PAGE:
Most metals are classified as being either cast or wrought. This classification is somewhat misleading since even the wrought product is initially cast and therefore subject to chemical inhomogenieties during solidification. Dendritic microstructures are common in almost all engineering alloys; a dendritic microstructure for a cast aluminum bronze is shown in Fig. 1.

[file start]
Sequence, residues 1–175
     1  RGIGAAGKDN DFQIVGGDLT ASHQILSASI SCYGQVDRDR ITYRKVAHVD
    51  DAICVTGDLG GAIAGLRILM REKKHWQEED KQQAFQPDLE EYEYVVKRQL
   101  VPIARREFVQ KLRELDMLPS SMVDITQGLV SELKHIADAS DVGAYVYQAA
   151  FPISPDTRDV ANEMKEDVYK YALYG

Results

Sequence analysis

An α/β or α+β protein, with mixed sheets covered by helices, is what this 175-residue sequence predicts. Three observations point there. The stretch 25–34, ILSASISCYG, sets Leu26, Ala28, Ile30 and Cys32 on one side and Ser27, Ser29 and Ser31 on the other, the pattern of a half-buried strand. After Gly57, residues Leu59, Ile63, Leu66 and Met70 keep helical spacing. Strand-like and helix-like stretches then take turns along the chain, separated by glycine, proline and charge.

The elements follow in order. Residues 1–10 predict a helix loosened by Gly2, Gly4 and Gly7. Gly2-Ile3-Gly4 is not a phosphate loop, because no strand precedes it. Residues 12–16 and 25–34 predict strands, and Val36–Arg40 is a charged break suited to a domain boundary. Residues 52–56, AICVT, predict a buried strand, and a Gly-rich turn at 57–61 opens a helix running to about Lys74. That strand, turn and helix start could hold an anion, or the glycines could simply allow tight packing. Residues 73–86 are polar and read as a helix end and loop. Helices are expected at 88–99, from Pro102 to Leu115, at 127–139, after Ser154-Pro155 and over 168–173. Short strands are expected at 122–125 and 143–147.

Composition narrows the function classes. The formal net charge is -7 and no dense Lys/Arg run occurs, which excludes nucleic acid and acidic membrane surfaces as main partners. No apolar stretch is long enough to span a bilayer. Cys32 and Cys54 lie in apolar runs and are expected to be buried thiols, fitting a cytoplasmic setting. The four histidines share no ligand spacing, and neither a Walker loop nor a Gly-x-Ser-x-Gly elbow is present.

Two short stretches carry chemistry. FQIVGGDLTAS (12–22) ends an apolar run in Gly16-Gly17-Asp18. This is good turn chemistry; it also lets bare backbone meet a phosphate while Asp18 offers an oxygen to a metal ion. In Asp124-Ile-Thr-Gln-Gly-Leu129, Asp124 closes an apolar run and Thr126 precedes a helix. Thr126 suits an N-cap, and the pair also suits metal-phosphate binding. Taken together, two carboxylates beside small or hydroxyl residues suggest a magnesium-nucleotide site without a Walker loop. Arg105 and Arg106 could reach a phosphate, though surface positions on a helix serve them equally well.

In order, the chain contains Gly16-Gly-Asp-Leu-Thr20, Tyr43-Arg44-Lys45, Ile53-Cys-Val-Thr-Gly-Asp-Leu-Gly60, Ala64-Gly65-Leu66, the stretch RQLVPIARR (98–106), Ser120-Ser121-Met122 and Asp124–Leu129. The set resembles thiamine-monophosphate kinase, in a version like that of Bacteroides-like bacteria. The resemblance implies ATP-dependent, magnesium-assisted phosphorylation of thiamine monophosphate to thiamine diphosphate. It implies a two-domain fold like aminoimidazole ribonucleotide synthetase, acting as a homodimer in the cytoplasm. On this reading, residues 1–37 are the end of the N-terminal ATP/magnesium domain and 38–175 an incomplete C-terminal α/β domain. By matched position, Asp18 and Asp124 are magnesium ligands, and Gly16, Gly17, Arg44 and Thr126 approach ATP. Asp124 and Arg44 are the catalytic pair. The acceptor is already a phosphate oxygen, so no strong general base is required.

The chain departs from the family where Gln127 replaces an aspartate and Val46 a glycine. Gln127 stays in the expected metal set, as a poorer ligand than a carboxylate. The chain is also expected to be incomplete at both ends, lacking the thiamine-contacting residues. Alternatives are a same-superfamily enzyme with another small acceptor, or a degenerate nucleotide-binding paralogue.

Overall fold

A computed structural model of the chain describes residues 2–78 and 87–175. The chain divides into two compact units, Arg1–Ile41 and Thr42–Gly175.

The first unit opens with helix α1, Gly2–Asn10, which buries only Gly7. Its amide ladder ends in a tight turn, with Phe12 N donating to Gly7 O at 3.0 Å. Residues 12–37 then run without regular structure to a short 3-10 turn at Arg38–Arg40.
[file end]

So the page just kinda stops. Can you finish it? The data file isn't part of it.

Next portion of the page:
It should be noted that the alloy can be segregated to either the dendrite core or to the interdendritic regions depending upon the liquidus and solidus lines of the phase diagram (Fig. 2). The first liquid to solidify (center of the dendrite) will be alloy rich if the alloy addition raises the melting temperature, whereas the alloy will be segregated to the interdendritic regions if the alloy addition lowers the melting temperature.